Victor Pivert (Louis De Funes) is a loving man — as long as the object of his affection is Caucasian, French and Catholic. When it comes to foreigners, Victor is as bigoted as they come. So it’s poetic justice when, on the day of his daughter’s wedding, Victor bumbles across a group of Arab revolutionaries and is forced to go into hiding — as a rabbi.
Gérard Oury (29 April 1919, Paris – 20 July 2006, Saint-Tropez) was a French film director, actor and writer. His real name was Max-Gérard Houry Tannenbaum.
The son of Serge Tannenbaum, a violinist, and Marcelle Houry, a journalist, Oury studied at Lycée Janson de Sailly and at the National Conservatory of Dramatic Art. He became a member of the Comédie-Française just one year before World War II, but fled to Switzerland to escape the anti-Jewish laws decreed by the Vichy government.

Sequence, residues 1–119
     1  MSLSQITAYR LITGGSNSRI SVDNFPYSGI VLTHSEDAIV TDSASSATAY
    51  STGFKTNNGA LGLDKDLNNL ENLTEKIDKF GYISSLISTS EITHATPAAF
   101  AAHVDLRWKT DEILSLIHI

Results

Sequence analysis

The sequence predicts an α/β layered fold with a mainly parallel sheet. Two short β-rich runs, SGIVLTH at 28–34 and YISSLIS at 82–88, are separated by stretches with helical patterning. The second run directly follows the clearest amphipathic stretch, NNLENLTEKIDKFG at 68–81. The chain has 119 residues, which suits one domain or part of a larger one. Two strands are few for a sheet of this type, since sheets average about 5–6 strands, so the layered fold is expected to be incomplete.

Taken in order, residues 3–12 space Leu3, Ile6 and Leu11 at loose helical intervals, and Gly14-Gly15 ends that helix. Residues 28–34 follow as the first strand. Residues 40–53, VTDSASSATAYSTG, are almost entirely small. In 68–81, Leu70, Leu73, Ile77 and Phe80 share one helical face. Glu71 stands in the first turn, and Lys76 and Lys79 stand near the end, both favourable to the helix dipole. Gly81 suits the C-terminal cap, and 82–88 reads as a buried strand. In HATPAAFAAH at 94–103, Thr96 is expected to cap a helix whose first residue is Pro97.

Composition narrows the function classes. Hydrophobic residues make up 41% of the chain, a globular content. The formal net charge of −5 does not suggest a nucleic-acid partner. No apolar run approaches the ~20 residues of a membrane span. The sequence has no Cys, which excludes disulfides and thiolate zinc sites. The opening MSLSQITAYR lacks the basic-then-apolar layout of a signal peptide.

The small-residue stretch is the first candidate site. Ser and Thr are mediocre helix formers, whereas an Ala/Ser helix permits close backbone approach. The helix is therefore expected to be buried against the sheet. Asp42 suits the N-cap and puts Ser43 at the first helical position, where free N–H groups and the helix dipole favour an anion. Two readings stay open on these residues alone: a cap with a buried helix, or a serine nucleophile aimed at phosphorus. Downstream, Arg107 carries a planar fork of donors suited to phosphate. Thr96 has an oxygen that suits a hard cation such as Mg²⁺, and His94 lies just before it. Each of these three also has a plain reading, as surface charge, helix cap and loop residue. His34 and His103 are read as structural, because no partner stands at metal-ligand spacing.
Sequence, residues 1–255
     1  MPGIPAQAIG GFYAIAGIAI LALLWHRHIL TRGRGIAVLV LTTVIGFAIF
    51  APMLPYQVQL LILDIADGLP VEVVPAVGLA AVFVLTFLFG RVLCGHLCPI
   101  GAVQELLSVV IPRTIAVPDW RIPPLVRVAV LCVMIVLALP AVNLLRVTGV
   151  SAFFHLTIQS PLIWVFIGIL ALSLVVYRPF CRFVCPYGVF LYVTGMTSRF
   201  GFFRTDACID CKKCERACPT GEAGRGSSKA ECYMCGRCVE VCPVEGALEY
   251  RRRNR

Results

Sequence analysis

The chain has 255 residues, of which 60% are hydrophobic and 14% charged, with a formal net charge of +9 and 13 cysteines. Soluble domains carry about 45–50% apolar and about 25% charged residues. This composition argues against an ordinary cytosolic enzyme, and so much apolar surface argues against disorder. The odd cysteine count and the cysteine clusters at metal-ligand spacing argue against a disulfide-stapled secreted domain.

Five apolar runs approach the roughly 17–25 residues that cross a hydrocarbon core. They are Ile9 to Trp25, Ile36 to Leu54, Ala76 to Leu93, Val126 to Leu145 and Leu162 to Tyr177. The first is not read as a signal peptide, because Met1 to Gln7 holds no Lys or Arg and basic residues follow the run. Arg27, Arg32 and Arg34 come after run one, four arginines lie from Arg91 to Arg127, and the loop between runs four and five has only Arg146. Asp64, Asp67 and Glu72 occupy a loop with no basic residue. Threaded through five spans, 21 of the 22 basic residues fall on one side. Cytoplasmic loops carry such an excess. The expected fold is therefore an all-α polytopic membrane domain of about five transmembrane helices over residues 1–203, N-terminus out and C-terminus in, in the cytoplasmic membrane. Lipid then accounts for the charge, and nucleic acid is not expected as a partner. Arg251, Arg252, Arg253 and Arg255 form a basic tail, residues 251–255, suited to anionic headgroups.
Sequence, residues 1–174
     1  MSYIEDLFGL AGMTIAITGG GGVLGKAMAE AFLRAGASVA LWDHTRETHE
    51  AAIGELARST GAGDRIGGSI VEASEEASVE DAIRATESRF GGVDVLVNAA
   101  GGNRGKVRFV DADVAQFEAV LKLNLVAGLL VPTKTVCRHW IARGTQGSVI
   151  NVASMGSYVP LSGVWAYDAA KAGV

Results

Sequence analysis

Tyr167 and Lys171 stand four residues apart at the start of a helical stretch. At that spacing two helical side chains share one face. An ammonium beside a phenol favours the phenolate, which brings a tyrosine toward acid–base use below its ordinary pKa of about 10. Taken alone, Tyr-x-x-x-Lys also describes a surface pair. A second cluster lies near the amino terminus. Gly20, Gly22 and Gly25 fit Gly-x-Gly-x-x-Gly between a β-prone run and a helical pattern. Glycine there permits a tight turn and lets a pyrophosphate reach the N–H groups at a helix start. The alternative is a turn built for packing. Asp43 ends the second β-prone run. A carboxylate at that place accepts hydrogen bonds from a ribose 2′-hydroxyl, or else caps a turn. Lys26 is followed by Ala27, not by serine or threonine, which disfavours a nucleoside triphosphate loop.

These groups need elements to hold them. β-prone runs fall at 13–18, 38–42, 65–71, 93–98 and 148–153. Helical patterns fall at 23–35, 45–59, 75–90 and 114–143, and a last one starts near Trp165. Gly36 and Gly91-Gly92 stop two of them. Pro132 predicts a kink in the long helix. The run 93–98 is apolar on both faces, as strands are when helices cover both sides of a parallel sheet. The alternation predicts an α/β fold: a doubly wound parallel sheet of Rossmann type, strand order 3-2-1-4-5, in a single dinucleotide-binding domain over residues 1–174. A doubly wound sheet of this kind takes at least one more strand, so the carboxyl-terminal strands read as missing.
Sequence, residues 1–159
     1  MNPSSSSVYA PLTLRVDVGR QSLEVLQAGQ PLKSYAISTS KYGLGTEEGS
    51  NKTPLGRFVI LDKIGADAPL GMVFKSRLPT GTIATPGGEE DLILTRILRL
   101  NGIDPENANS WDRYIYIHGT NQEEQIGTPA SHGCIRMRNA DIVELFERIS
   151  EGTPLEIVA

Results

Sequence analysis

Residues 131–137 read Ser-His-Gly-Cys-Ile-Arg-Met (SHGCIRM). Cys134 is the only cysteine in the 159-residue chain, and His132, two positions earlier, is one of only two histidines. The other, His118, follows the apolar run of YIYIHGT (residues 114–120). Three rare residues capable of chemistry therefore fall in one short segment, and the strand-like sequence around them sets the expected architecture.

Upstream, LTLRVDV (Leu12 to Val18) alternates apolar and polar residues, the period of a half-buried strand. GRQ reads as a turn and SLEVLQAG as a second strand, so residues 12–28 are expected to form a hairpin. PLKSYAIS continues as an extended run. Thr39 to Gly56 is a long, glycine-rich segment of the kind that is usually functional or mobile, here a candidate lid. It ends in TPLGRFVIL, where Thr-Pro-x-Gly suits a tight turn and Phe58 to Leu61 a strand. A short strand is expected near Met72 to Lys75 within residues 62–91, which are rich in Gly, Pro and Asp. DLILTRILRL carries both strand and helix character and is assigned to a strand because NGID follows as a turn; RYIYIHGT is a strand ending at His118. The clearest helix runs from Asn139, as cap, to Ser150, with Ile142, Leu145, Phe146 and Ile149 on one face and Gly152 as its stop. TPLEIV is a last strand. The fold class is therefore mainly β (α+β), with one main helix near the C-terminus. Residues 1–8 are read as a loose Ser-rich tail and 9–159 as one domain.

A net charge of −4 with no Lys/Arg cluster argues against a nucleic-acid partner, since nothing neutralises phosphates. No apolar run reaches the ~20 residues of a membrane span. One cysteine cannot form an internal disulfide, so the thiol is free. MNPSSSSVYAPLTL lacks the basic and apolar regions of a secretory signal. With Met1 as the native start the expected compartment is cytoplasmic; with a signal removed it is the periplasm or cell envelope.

After 1945 he re-started his career as an actor, performing in the theatre and in supporting roles in the cinema. Oury became a movie director in 1959 (The Itchy Palm) and gained his first success in 1961 with Crime Does Not Pay (Le crime ne paie pas).
Joining André Bourvil and Louis de Funès as a comic duo, he burst into commercial filmmaking with 1965’s The Sucker (Le corniaud). The following year, Don’t Look Now… We’re Being Shot At! (La Grande Vadrouille) was even more successful… read more